Wednesday, April 13, 2011

April 12th

What is the significance of today's date?  Other than, you know, the 50th anniversary of manned space flight, of course.  In the whole scheme of things, who cares about that? (I kid, I kid!)  

No, today is the 150th anniversary of the firing on Fort Sumter, or the official start of the Civil War.

I have the girls here (my fake granddaughters who aren't Anna, who I also count as a fake grandkid, because I can) so this entry might be even more scattered and random than other entries.  Then again, you might not be able to tell the difference.  

Okay, now it's the 13th.  Saige and I took the girls to the park, to let them run off some steam and to play.   I was too busy to post, as the girls have had a rough couple days and they need a lot of attention right now.

On Sunday, if you remember, we went to one park to have a picnic, and then we went to the environmental center after that.  I love, love, love this center.  It's been around for many years now, and I can remember going there when it only had 4 trails.  The longest one went past the bottling plant along the Sangamon River, and there was a very old, rusted out, filled with sand and mud, bit of a car stuck there.  I haven't been able to walk there for a long time, and besides, the trails have changed, so I don't know if that car is still around.  It was a place my Mom loved, too.  She absolutely thrilled to go during the spring, to see all the flowers coming up.  My son, Jethro, loved to go with her, too, even as a teen.  Mom would always say, with amazement, how wonderful she thought it was that he, even though he was a teenager, loved to go walking with her there. The last time they went, they looked for bluebells, and finally spied some, and Mom was really happy.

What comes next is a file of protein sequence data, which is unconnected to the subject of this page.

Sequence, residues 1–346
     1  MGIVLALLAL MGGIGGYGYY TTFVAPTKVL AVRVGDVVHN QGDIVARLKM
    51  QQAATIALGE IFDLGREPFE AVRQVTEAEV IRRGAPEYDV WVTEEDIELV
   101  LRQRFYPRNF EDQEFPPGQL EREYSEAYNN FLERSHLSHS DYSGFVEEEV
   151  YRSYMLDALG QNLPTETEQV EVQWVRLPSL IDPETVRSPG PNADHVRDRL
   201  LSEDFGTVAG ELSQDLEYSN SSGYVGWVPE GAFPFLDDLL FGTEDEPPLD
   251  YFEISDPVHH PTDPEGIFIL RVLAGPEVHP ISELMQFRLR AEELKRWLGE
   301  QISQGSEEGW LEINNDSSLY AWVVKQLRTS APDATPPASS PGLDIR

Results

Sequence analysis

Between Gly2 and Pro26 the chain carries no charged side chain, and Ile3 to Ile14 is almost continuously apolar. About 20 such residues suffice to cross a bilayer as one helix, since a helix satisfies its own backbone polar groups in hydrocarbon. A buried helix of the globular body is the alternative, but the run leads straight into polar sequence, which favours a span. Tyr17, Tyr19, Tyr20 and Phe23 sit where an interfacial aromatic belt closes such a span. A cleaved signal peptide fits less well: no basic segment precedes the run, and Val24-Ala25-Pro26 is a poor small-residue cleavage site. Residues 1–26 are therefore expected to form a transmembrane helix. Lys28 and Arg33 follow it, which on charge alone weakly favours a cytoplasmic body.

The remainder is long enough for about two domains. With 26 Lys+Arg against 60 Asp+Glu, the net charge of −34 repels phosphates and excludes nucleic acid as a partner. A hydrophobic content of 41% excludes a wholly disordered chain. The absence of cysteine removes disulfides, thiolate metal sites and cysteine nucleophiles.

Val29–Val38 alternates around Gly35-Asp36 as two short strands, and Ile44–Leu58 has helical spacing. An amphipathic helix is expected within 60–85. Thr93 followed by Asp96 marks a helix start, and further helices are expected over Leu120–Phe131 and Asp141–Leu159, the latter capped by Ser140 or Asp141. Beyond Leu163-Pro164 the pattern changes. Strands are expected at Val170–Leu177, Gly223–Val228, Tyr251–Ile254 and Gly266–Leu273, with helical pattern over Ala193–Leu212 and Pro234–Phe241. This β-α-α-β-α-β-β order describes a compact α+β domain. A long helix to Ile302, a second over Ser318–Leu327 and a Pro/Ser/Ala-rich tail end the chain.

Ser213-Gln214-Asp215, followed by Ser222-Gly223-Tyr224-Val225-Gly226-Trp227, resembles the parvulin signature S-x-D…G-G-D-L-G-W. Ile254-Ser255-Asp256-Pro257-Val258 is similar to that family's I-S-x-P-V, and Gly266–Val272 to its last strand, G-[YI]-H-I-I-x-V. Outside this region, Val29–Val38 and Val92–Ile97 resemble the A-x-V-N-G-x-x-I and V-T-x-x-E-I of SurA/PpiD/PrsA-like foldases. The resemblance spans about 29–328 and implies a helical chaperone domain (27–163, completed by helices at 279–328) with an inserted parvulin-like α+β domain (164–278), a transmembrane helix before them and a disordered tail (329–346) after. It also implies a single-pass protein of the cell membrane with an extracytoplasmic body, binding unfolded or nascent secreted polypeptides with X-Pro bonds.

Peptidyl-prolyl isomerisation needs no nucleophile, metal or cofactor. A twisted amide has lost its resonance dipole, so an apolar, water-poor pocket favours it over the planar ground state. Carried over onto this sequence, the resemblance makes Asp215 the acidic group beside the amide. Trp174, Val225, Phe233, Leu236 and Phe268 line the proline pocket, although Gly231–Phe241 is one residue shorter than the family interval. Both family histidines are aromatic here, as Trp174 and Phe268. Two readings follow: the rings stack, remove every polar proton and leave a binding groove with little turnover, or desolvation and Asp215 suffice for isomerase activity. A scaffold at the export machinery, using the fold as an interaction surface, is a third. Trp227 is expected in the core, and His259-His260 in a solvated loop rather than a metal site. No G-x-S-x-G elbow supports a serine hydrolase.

There were tons of bluebells along the path to the Trobaugh-Good house.  Tons.  I smiled to see them, because it felt like a "Hello!" from my mother.

This isn't the best picture, but these are Virginia bluebells.  I tried to edit it a little bit to bring out the blue color of the flowers, but I had trouble doing that, so I gave up.  You get what you get.

Erma's picture is a little bit better as far as color, but the flowers aren't as big as in my photo. I guess that doesn't matter much if you can't see the blooms!

Every time I go here, I take pictures of this plow that this tree has grown around.  The plow is embedded in this tree.  So much in this town changes drastically--homes are torn down, businesses close and are torn down, schools change and are torn down--and I like it when things are the same, like this plow in the tree, for a long time.  

In the above picture, the kids are on the trail heading towards the Trobaugh-Good house.  On the right hand side are a bunch of Osage Orange trees, which were used as windbreaks against the prairie winds.  

Trobaugh-Good house, which was first a log house (different than a log cabin in that the logs were more finished than in a cabin), and then as time went on, the owners added more rooms to it.  At one time there were about 15 people (adults and kids) living in that house.